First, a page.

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The next lecture in this year’s Chautauqua Lecture Series is a special event in conjunction with the EKU First-Year Writing Program. Manhattan-based hip-hop musician, artist and writer Jace Clayton will present “Uproot: Travels in 21st Century Digital Culture” on Thursday, Oct. 17 at 7:30 p.m. The presentation will take place in O’Donnell Hall of the Whitlock Building, and is free and open to the public.

The lecture, based on his book of the same name, will examine an interdisciplinary approach to focus on how sound, memory, and public space interact, with an emphasis on low-income communities and the global South.

Clayton enjoys an impressive and varied creative career. He has released several critically-acclaimed albums under the stage name DJ/rupture and has hosted a weekly radio show on WFMU for five years. He has collaborated with such accomplished artists as filmmakers Jem Cohen and Joshua Oppenheimer,  poet Elizabeth Alexander, singer Norah Jones and guitarist Andy Moor (The Ex). His most recent projects include Sufi Plug-Ins, a free suite of music software-as-art, based on non-western conceptions of sound and alternative interfaces; Room 21, an evening-length composition for 20 musicians staged at the Barnes Foundation; and The Julius Eastman Memorial Dinner, a touring performance piece for grand pianos, electronics, and voice.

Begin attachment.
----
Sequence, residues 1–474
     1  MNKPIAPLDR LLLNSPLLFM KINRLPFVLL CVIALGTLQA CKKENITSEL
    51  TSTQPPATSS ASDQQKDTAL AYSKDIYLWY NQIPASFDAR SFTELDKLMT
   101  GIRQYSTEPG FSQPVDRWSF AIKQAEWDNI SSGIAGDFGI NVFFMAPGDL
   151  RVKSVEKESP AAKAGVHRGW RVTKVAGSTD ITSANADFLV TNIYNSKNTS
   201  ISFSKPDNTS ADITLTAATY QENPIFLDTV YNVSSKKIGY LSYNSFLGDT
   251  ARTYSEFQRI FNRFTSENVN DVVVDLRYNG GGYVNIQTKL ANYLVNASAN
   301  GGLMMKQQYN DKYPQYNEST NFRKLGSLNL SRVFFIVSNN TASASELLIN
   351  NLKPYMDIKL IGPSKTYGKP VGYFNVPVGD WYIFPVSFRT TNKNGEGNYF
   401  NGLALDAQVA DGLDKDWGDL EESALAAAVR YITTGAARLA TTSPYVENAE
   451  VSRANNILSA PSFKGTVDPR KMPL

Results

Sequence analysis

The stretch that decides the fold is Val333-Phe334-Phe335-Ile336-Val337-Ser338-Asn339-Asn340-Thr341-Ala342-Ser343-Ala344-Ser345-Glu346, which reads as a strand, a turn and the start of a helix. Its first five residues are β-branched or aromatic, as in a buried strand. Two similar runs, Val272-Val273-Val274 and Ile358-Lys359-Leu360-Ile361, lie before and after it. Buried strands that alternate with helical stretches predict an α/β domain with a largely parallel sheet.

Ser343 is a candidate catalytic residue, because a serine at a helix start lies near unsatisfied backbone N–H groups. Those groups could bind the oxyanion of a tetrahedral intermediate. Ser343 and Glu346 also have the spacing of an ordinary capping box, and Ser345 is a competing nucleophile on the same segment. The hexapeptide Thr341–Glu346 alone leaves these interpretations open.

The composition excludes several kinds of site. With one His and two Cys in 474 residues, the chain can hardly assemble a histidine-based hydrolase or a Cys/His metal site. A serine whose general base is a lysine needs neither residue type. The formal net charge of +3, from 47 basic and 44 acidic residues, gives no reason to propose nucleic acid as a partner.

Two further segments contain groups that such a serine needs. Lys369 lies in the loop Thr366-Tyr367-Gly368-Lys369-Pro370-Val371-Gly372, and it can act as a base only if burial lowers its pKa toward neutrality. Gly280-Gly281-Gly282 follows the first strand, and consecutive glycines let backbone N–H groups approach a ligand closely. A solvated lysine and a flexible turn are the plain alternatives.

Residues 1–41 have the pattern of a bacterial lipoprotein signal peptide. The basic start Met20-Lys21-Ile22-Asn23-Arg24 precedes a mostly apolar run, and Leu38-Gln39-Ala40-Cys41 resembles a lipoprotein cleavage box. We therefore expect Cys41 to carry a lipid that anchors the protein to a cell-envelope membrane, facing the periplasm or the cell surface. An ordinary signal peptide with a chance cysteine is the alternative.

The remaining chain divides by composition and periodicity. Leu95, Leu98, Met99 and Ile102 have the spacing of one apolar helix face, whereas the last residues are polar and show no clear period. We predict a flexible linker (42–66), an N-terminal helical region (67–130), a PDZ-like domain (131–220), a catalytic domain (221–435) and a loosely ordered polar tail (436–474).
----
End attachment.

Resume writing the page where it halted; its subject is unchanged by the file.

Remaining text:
Clayton has also been an artist-in-residence with the Lower Manhattan Cultural Council, Eyebeam Art + Technology Atelier, and a USC Annenberg/Getty Arts Journalism fellow. He has performed in over 30 countries and given artist talks at institutions such as universities and museums.

That impressive artistic career has led to an extraordinary academic career. In 2013, Clayton joined the Music/Sound faculty of Bard College’s MFA program. Since then, he has been named a 2013 Creative Capital Performing Arts grantee; a 2014 New York Foundation for the Arts Nonfiction Literature fellow; a Nannerl Keohane Distinguished Visiting Professor at the University of North Carolina – Chapel Hill and Duke; and a recipient of a Foundation for Contemporary Art artists award.

This lecture is sponsored by the Office of Student Life, the First-Year Writing Program and the Honors Program.

For more information about the Chautauqua lecture series, visit, or contact Chautauqua Lecture Coordinator Erik Liddellat